Among wildlife film-makers, Szabolcs Mosonyi managed to create something memorable with both Vad Szigetköz and Vad Kunság; the former won in its category at Baikalkinofest, Sondrio and Ekotopfilm, while the latter was awarded the Grand Prize at International Nature Film Festival Gödöllő. Winning the patronage programme’s call for applications to specifically support online creations, Free the jazz garnered the award for best online music film at the 2014 MEDIAWAVE festival.
The latest and best Hungarian films can be watch right now as the Hungarian Film Week is currently on, screening, among many excellent pictures, Mindenki, which received support from the Film Fund to cover marketing costs, as well as the recent winner for Best Film at Berlinale, Testről és lélekről (On Body and Soul), directed by Ildikó Enyedi and produced under the Film Funds programme.
The National Media and Infocommunications Authority and its Media Council plays an active role in the operation of the Hungarian film support scheme
A key to the success of Hungarian films is the well-designed, three-pillar film support structure (see annex) on which the creators of Mindenki, among others, could rely: they applied for funding for their film (HUF 8 million) and for support for marketing costs (nearly HUF 8 million) from the Film Fund and they also benefitted from indirect State aid (HUF 2 million in their case). The primary mission of the Hungarian National Film Fund is to support feature films intended for cinemas; these efforts came to fruition in such films as Saul fia (Son of Saul), a Tiszta szívvel (Kills on Wheels) and Testről és lélekről (On Body and Soul). At the same time, the National Media and Infocommunications Authority’s Media Council provides support through the film strand of the Hungarian Media Patronage Programme for non-feature films intended primarily for television, be it TV films, short films, nonfiction films, animated films, online films or documentaries. In addition to these two direct support options, the Hungarian indirect support scheme has proven to be very attractive in the film industry. The National Media and Infocommunications Authority has an important role in administering this scheme as well.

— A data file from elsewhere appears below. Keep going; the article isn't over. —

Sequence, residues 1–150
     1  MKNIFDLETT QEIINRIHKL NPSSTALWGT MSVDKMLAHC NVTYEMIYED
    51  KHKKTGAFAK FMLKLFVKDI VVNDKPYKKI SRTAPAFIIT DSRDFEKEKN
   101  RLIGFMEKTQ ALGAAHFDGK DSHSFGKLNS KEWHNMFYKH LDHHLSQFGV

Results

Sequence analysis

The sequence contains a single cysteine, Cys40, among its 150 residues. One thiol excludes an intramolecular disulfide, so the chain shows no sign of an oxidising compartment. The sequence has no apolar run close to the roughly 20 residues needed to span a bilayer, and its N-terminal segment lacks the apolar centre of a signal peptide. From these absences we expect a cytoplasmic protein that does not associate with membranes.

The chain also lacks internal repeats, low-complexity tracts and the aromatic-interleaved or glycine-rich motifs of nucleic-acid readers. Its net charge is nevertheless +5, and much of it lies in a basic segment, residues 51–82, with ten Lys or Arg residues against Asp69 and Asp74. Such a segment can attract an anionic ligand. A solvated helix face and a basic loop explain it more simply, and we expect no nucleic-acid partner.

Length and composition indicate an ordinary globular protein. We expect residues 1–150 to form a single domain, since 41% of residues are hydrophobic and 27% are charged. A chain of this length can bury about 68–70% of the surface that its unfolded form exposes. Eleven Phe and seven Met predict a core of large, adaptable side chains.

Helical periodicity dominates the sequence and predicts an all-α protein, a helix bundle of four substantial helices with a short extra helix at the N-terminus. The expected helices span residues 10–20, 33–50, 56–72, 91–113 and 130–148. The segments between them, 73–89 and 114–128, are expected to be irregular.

Tax advantages beyond direct support
Film producers may recover up to 25% of the costs of Hungarian, coproduced or contracted films produced in Hungary by taking advantage of a corporate tax allowance. This indirect support is available through a procedure of and certificate issued by the National Film Office of the National Media and Infocommunications Authority. The Hungarian National Film Fund has a custodial account in place to facilitate the collection and disbursement of support resulting from tax.
The National Media and Infocommunications Authority reported that last year around 300 films were shot partially or entirely in Hungary, totalling over HUF 125 billion, of which Hungarian-only films represented HUF 15 billion for 243 pictures. In addition, films produced involving contract work in Hungary include Die Hard 5, Hercules, Spy, Inferno or Blade Runner 2049. The latter production alone spent HUF 28.5 billion in Hungary, contributing to boosting Hungarian economy.
With its film industry, Hungary indeed stands out internationally: last year, two-and-a-half times more money was spent on films in Hungary in total than in 2009, with this amount having increased almost twenty-fold since 2004. A survey by the European Audiovisual Observatory shows that film-related allowances and circumstances in Hungary are attractive for international film-makers: in the early 2010s (2010–2013), the spending-to‑GDP ratio (0.15% in Hungary, including international productions) was twice as much as similar spending in the UK (0.08), France (0.07%) or Italy (0.03).